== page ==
One scandal after another is shaking up the business community. Creative accounting, corporate bullshitting, greed, conflict of interest, and corruption - it's all happening and there doesn't seem to be an end in sight. Even corporate cheerleaders are warning that we've only seen the tip of the iceberg and that more of the same is coming. Billions of dollars of workers' pension money is invested in corporations that - to date - have been subject to little in the way of regulation. How big a hit have pension funds taken? This is a partial listing of pension funds that incurred losses as a result of the Enron disaster alone. How much will be lost in the mess lurking just below the tip of the iceberg? We'll probably never know. More so than other investors, working people are in a real catch-22 when it comes to their retirement income. They depend on their pensions plans. To make a decent return, these must be invested in various financial instruments. Some of these (at least) are controlled by unscrupulous people over whom workers have absolutely no control. They can only cross their fingers and hope that the fund managers and investment advisers, in whose judgment they must put their complete faith, know their ass from a hole in the ground.
A Source of Power for the Power Source
There is an enormous amount of money in workers' pension funds. According to the Canadian Labour Congress:
As of March 31, 1997, the assets of trusteed pension plans in Canada amounted to $485 billion. The assets associated with pension plans for union members is not precisely known, but a reasonable guess would be that at least half of the assets would be attributable to benefits of union members. This is a large amount of money by almost any standard. For instance, the assets of trusteed pension plans amount to close to half of annual national income. Between 1996 and 1997, the assets grew by more than half the value of all new securities issued in Canada, including federal government bonds that will provide declining investment opportunities in the years ahead. For the most part, the unions whose members belong to workplace pension plans have little to say about how the pension funds are invested.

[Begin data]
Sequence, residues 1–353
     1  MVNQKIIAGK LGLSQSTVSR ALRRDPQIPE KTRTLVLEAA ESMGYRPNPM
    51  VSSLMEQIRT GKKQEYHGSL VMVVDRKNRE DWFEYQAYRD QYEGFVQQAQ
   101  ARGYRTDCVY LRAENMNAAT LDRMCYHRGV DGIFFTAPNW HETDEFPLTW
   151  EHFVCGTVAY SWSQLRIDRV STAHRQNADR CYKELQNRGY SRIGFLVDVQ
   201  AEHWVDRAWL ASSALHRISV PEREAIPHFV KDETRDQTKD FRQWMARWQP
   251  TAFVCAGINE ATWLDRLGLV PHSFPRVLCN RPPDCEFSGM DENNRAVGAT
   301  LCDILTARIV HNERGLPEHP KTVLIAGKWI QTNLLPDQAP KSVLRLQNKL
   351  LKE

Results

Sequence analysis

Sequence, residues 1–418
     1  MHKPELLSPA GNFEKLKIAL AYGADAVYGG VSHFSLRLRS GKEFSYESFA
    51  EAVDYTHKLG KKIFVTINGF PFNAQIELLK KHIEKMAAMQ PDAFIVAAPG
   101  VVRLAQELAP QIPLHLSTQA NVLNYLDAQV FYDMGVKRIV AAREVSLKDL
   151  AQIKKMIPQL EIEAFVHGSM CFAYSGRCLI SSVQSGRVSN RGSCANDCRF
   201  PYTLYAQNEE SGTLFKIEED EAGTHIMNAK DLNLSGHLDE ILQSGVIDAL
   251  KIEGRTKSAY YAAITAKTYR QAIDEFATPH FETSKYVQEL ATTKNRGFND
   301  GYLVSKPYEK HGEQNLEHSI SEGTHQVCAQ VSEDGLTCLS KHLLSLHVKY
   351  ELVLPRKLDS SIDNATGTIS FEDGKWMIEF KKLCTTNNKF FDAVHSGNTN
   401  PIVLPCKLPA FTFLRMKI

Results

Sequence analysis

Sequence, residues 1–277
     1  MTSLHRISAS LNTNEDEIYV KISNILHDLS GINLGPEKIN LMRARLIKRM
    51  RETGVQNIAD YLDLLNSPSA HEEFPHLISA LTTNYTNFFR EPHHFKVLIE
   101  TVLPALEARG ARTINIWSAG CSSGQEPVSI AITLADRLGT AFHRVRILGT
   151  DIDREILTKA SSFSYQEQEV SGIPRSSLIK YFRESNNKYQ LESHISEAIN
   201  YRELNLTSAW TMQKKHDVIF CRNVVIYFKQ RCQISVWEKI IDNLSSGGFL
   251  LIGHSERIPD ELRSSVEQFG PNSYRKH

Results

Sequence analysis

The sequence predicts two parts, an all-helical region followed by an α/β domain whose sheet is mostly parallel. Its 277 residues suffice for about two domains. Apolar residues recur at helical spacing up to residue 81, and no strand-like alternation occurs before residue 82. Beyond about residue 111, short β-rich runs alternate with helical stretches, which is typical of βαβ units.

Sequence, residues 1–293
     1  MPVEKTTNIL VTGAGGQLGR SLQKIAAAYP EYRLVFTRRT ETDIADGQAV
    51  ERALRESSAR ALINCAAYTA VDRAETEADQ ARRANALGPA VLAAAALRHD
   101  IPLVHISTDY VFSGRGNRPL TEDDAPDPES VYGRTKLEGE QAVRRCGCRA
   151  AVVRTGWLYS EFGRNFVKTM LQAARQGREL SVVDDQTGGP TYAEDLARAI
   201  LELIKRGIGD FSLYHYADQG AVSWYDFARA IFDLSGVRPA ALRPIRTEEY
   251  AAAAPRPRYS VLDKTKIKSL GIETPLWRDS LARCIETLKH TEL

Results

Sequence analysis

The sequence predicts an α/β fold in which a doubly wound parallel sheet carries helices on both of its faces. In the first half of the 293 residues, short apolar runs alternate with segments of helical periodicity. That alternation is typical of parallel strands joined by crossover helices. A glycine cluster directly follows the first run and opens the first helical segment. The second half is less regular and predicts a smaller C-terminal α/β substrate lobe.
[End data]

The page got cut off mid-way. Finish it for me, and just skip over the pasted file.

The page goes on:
This pales in comparison to the U.S.:
Pension funds are now the largest pool of investment capital in the U.S. economy. These funds, now worth more than $4 trillion, represent the savings of millions of working Americans. Pension funds account for 74 percent of net individual savings, over one third of all corporate equities and nearly 40 percent of all corporate bonds. Pension funds hold nearly one third of the total financial assets of the U.S. economy. In 1993 alone, these funds made new investments of between $1 and $1.5 trillion. Pension assets now exceed the assets of commercial banks in the United States, making them a formidable investment tool. (The End of Work, Jeremy Rifkin)
The leverage that this can provide to the investors - the millions of working men and women to whom this money belongs - in a society where money talks, is massive.
Management's claim that gains in productivity ought to go to the investors who risk their capital to create the new technology has no become a potentially potent weapon in the hands of the workers. For, as it turns out, the investors by and large happen to be the workers. It is the deferred savings of millions of American workers that are being nested in the new information technologies...